Most bands would issue a couple of albums before releasing a Christmas recording. But then most bands wouldn't be the Boxmasters -- the band issued a double CD as its debut, and this title followed a mere five months after. Billy Bob Thornton, who goes by W.R. "Bud" Thornton, plays drums, shakes tambourines, and sings lead with the band; he's accompanied by J.D. Andrew on bass, guitars, and harmony vocals, with Michael Wayne Butler on lap steel, Dobro, and lead guitars. Additional members for this date include Ted Andreadis on organ and accordion and Brad Davis on mandolin and electric guitar. While the band's debut concentrated on a nightmarish fusion of hillbilly rock and British Invasion pop, this holiday set concentrates more on the former with some straight-up Bakersfield country thrown into the mix for good measure. Clocking in at just under 33 minutes, this is a mercifully short set. Along with standards such as "Silver Bells" (where Thornton does his best Buck Owens and doesn't hold a candle to the master), "Rudolph the Red-Nosed Reindeer," "The Christmas Song," and "Blue Christmas" are some novel inclusions such as a cover of John Prine's "Christmas in Prison," which is done in Bakersfield style but fails to match the humorous irony of the original. There's also a closing honky tonk read of John Lennon and Yoko Ono's "Happy X-Mas (War Is Over)," where Thornton sounds like a cross between Bob Dylan with a cold and his character in the film Bad Santa. Faring far better are the genuinely humorous -- and mean-spirited -- originals like the popping cut-time opener "My Dreams of Christmas," whose words echo the nightmares of many rural youngsters. The half rockabilly, half honky tonk mix is perfect. "Slower Than Christmas" is a straight-up country tune (with shimmering mandolins) whose words sum up the holiday "spirit" in a "unique" -- read: hilarious -- manner (example: "Dysfunctional belles/Dysfunctional balls/The folks in my family/They just beat all/They put me through hell/When they deck the halls/They even send Santa Claus/Climbin' up the walls...."). It deserves a video and to be a hit on GAC. There's also a downright sad prison ballad called "I Won't Be Home for Christmas" that -- ironically -- might be the best thing on the record. This set is an acquired taste or for fans of the Boxmasters' rather obvious sense of irony.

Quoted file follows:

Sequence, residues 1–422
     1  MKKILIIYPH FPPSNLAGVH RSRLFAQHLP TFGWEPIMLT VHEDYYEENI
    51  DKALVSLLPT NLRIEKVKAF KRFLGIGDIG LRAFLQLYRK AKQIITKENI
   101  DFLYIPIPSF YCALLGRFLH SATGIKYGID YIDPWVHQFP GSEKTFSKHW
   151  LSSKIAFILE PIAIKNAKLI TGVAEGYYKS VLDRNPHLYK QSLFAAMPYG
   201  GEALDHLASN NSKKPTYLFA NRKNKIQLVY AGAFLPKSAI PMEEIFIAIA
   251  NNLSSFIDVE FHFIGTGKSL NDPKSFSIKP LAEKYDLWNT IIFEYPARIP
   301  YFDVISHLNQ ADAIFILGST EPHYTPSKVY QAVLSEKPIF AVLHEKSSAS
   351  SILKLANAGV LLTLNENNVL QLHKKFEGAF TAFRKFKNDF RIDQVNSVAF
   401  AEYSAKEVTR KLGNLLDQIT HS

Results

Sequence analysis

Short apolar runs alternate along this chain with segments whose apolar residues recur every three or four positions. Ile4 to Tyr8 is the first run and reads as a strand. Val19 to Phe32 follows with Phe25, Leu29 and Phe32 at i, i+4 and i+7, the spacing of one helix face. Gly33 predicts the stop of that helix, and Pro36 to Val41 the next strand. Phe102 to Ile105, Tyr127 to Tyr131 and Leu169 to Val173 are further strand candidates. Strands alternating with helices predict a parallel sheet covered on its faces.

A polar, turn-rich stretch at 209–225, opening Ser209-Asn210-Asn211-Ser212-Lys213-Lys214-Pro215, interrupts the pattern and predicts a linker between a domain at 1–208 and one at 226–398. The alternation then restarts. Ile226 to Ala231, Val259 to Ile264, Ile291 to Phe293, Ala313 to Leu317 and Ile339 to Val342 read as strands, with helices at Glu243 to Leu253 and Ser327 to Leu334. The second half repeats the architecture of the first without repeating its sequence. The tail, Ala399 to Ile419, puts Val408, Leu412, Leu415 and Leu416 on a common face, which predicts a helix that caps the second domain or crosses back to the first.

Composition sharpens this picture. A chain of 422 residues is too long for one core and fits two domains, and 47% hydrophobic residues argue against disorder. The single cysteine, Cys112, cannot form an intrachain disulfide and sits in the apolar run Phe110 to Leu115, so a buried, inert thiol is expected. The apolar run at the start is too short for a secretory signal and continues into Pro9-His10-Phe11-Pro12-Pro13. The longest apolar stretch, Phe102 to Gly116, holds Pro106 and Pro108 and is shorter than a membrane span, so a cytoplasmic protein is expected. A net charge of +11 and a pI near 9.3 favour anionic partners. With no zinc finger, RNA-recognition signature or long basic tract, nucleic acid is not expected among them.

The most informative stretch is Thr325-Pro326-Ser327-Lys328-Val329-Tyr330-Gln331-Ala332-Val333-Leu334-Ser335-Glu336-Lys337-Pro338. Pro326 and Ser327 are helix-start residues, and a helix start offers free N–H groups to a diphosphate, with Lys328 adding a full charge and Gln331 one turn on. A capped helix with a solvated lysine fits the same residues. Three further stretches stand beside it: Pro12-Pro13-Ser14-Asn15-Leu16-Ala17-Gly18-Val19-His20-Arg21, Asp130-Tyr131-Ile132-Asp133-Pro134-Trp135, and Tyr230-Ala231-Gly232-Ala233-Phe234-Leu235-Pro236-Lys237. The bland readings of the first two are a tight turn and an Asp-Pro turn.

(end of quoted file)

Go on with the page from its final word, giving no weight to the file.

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AllMusic Review by Thom Jurek